Holroyde, Andrew (2019) Sheltered Employment and Disability in the Classic Welfare State: Remploy c.1944-1979. Doctoral thesis, University of Huddersfield.

This thesis seeks to understand how Remploy and sheltered employment functioned in the period referred to as the classic welfare state, 1944-1979. Established as one of the measures contained in the Disabled Persons (Employment) Act 1944, Remploy became the chief provider of sheltered employment for severely disabled people in post-war Britain. Yet with no detailed historical analysis of the company having been undertaken, differing accounts of its development have proliferated across disciplines. The prevailing view has presented it as a cohesive, catch-all, national scheme with a fundamentally humanitarian agenda. Using the extensive archival records relating to Remploy and other sheltered employment providers for the first time, this thesis examines the development of the company. It considers the fundamental areas of understanding Remploy in terms of why it was created, how it functioned, who it employed, and how far it came to dominate the wider field of sheltered employment provision. It argues that there was in fact no ‘golden age’ of Remploy and sheltered employment in the period. Remploy also represents a previously unexplored aspect of the welfare state and one of the few statutory measures put in place for disabled people. Therefore, as well as revealing how sheltered employment functioned in the period, this thesis uses Remploy as a new case study in addressing the current views and key debates concerning disability and the classic welfare state in Britain.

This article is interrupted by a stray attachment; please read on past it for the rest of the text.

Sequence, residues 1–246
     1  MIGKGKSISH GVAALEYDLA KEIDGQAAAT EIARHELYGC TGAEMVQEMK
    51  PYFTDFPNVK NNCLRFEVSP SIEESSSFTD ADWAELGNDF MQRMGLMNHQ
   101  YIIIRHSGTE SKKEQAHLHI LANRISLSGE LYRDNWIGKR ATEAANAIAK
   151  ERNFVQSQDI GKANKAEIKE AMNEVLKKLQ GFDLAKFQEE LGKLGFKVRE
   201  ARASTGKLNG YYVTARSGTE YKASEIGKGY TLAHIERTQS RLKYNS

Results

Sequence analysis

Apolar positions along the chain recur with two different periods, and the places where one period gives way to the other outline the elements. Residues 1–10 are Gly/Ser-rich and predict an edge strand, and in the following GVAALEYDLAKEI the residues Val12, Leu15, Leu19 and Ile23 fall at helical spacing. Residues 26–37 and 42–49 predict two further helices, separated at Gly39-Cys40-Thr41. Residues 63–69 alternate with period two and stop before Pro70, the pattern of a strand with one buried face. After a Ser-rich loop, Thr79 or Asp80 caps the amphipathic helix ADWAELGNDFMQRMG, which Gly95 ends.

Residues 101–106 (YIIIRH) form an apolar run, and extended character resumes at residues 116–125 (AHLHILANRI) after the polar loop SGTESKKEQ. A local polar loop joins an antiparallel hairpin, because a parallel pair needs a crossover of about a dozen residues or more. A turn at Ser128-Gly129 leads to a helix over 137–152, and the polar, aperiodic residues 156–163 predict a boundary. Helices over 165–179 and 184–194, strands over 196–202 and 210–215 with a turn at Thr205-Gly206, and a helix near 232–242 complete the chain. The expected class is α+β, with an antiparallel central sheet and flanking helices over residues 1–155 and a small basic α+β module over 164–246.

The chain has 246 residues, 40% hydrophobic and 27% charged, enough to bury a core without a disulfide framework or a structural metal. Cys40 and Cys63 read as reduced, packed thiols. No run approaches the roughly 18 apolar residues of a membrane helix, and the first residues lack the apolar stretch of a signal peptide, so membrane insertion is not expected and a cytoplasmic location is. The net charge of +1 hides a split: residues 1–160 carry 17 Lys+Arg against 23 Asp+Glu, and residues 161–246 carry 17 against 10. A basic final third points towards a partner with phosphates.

FINAL THESIS - Holroyde.pdf - Accepted Version
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